To which the teacher laughed and said, “Do you know how long it takes to make a whole suit?” and Lil replied, “I’ll be here.” She made a suit that went on exhibition and the teacher declared she was the quickest pupil he’d ever taught.
In 1948, Lil organized her debut as a fashion designer. She hosted a runway show and invited the press. At the end of the night, someone in attendance asked her to play a blues. “That disgusted me. All that time and money I threw away. Play a blues,” she later said.
She took this as a sign that she would not be taken seriously as a designer, so she went back to composing, performing and teaching. However, she continued to make clothing for her friends and family. She even made Louis a tux.
“[The tux] was a perfect fit… back then.”
~ Louis Armstrong
Throughout the 1940’s Lil continued to play music as well. She played lengthy stints at venues in Milwaukee, Chicago, Detroit, Denver, Ventura, Kansas City and Los Angeles mostly as a solo artist.
She also remarried but it was short lived. According to Lil, “He wasn’t a musician. Don’t think he even liked music.”
In 1952 Lil traveled to Paris after meeting a French man in Milwaukee. As she said, “I went there for three months, stayed for four years.” While in Europe she toured with Sidney Bechet and Zutty Singleton. They recorded “New Orleans in Paris” for Vogue Records. Louis also made his way through Europe during the 50s and they even performed together in Italy in 1955.
She played the Moulin Rouge in Paris as one of her final engagements in Europe. While she was in Europe, her aunt took care of the Chicago home she had bought with Louis.
When her aunt passed away in 1956, she returned to Chicago and continued to play all of the major venues in the city. She also continued to teach voice, piano and French.
“In a class to herself, Lil is a real spark plug and always comes through with flying colors. Star that she is, makes her a party jewel.”
~ Ted Ston, Chicago Defender, 1959
Lil continued to perform well into the sixties, touring in Canada as well as headlining benefit concerts in Chicago and touring with Red Saunders.
In 1961, after prompting from jazz journalist, writer and record producer Chris Albertson, she recorded for Riverside Records. This album also resulted in a friendship between Lil and Albertson.
Lil asked Albertson to help her with her autobiography. When she began work on her autobiography, she sent chapters to Albertson each month over the course of several years. At one point, a publisher had started negotiations for a book deal, but Lil decided the work was too personal and declined to publish.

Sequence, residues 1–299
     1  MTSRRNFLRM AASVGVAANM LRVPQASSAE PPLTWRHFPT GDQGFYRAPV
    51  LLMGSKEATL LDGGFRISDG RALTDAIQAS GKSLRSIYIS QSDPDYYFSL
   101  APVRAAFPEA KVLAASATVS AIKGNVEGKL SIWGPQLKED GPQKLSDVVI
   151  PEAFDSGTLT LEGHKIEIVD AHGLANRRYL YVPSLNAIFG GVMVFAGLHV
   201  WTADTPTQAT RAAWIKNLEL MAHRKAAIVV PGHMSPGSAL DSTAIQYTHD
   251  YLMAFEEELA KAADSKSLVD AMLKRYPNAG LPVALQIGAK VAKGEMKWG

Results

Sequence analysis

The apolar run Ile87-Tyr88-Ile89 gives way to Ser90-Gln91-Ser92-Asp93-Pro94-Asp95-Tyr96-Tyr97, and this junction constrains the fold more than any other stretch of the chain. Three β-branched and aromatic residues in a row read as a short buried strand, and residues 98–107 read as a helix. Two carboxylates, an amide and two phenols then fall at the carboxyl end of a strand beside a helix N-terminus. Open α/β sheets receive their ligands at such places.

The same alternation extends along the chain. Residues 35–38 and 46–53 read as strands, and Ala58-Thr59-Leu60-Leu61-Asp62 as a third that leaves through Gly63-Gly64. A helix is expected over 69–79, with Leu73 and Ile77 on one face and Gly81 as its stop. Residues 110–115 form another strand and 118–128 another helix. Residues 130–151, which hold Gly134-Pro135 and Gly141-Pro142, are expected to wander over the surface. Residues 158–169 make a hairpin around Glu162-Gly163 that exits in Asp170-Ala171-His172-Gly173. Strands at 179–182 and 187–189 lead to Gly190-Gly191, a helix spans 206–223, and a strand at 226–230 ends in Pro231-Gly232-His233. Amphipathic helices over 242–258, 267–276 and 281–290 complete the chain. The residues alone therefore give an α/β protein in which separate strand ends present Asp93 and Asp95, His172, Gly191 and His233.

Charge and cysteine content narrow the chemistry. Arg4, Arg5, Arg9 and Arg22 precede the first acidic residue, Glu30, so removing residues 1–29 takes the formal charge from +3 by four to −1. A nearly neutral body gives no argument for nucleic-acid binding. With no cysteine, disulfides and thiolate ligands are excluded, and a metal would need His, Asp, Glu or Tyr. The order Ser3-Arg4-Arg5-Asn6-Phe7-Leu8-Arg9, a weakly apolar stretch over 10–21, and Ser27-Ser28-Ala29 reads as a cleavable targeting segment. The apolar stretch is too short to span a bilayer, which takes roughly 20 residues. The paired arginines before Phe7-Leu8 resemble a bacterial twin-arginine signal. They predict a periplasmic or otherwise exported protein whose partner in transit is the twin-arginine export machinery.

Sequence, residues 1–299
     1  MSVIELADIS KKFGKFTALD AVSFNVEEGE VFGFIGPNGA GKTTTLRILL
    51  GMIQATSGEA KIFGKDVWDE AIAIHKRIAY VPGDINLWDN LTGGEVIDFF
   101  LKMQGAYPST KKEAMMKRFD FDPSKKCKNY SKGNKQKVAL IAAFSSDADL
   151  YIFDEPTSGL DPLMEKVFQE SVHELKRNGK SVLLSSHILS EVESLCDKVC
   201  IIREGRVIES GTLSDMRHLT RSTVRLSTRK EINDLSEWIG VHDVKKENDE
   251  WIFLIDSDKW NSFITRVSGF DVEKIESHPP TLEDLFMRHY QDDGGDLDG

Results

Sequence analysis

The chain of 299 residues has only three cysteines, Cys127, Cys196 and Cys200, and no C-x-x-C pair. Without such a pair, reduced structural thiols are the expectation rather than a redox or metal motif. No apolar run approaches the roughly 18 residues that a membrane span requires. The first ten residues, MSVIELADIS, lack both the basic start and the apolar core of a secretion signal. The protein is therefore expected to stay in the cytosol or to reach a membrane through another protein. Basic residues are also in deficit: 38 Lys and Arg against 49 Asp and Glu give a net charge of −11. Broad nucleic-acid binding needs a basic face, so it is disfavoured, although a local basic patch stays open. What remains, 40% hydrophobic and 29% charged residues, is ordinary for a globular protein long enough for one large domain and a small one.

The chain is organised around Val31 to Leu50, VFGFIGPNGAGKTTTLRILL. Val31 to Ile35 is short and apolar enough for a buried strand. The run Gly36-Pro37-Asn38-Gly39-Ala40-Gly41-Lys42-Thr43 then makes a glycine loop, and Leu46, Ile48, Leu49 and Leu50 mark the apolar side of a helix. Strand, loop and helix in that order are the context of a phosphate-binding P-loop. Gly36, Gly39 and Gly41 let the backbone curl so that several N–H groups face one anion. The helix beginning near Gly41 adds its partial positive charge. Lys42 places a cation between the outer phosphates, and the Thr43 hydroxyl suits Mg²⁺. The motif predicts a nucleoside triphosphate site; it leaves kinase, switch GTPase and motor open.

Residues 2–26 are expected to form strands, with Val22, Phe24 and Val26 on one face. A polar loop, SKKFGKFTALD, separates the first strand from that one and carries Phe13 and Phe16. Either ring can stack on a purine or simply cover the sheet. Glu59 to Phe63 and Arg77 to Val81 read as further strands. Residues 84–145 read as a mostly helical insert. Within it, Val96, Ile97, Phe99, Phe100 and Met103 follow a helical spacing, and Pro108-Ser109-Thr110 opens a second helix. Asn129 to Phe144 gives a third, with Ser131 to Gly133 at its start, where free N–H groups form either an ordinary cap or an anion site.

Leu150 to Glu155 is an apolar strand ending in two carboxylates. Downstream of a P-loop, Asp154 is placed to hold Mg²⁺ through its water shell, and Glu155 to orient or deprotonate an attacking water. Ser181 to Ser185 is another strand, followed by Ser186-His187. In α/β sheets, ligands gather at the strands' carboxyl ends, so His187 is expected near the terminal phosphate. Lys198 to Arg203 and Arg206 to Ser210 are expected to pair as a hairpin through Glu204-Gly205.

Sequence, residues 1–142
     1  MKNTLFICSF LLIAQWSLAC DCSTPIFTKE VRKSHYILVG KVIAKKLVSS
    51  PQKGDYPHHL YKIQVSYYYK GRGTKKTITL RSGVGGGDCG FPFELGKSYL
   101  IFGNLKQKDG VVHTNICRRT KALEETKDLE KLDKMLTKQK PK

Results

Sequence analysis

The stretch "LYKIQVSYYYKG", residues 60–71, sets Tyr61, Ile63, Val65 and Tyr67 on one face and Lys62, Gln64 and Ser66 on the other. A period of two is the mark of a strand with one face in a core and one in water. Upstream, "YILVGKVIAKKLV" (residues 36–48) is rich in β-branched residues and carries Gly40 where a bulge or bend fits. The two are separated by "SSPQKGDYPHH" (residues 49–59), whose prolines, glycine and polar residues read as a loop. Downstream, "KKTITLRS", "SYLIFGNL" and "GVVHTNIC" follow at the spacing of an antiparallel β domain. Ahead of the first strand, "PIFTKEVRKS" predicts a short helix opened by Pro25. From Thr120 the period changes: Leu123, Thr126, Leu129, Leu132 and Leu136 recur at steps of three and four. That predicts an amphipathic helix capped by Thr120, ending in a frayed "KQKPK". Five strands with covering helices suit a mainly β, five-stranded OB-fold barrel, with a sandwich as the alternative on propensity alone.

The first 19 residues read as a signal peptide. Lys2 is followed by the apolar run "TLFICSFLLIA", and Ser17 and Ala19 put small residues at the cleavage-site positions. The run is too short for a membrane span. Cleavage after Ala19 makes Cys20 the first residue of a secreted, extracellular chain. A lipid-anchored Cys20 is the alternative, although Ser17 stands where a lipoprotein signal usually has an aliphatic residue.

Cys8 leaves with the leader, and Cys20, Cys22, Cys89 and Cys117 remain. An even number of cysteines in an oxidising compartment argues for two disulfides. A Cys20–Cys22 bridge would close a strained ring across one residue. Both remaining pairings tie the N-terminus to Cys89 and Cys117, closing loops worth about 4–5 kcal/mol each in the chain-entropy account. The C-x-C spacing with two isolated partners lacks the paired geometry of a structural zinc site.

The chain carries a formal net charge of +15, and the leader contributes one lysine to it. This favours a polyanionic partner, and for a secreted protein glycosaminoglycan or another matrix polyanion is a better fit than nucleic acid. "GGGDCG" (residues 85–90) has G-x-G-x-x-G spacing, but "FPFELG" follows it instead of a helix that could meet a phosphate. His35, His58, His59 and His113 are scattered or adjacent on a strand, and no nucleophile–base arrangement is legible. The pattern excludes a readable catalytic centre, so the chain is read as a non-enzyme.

August 27th, 1971, Lil died while performing “St. Louis Blues” with the Red Saunders Band at a televised tribute concert to her recently deceased ex-husband, Louis Armstrong.
Louis had died fewer than two months prior to the performance.
“You know, it’s a funny thing: I’ve been on the same level all my life. I will never be a great star but I’ve always been a living star all through my life…
Even in school, I made the highest grades in school from 1st grade on up til I finished high school. Always a little star shining just enough for people to see me.
No, I’ll never make a lot of money or be a great big star. But every so often, things happen to keep me still in it.”
~Lil Hardin Armstrong
Sources (which also make up a suggested reading list for this topic):
Albertson, Chris. “Louis Armstrong: The Quintessential Entertainer” Routes Magazine. https://routes-mag.com/issue-1994-9/ September 1994. Accessed April 16th, 2021.
Albertson, Chris. “Memphis Music Hall of Fame.” Lil Hardin Armstrong, 6 November 2014, https://memphismusichalloffame.com/inductee/lilhardinarmstrong/ Accessed 3 June 2021.
Chris Albertson. “Stomp Off.” Various Articles. 23 September 2009, https://stomp-off.blogspot.com/ Accessed 8 July 2021.
Berrett, Joshua. Louis Armstrong and Paul Whiteman Two Kings of Jazz. Yale University Press, 2004.
Calloway, Earl. “Tuesday Rights for Jazz Star” Chicago Defender. August 30, 1971.
Hardy, D. Antoinette. Black Women in American Bands and Orchestras. Scarecrow Press Inc. 1998.
Harper, Lucius C. “Dustin off the News” Chicago Defender, November 12, 1938.
Kenney, William Howland. Chicago Jazz: A Cultural History 1904-1930. Oxford
University Press, 1994.
Macy, Marty and Draper, Paul. “Harlem Harlicans provide music for Black and White Jamboree” The Boston Globe July 7, 1934.
McCuster, John. Creole Trombone: Kid Ory and the Early Years of Jazz. University Press of Mississippi, 2012.
Morgenstern, Dan. Louis & Lil: A Couple Making Musical History. 2015. Video. Retrieved from the Library of Congress, <www.loc.gov/item/webcast-7647/>.
Pick, Margaret Moos. “Riverwalk Jazz Collection” My Heart: the Story of Lil Hardin Armstrong. 23 September 2009, https://riverwalkjazz.stanford.edu/?q=program/my-heart-story-lil-hardin-armstrong Accessed 23 July 2021.
Peyton, Dave. “The Musical Bunch” Chicago Defender, November 24, 1928.
Pinfold, Mike. Louis Armstrong: His Life and Times. Omnibus Press, 1987.
Riccardi, Ricky. Heart Full of Rhythm: The Big Band Years of Louis Armstrong. W. W. Norton and Company, 2014.
Scott, Patrick. “The Hot Lil Miss” The Globe Magazine. September 18, 1965.
Shapiro, Nat and Hentoff, Nat. Hear Me Talkin To Ya. Dover Publications, 2012.
Teachout, Terry. Pops A Life of Louis Armstrong. Houghton Mifflin Harcourt, 2009.
Thomas Brothers. Louis Armstrong Master of Modernism. Oxford University Press,
Tucker, Sherrie. A Feminist Perspective on New Orleans Jazz Women. Center for Research University of Kansas, September 30, 2004.
Various Contributors, The Art of Record Production: An Introductory Reader for a New Academic Field. Simon Frith and Simon Zagorski-Thomas, 2016.
The label ‘Discover Jazz’ is attached to articles which have been edited and published by Jazzfuel host Matt Fripp, but have been written in collaboration with various different jazz musicians and industry contributors. When appropriate, these musicians are quoted and name-checked inside the article itself!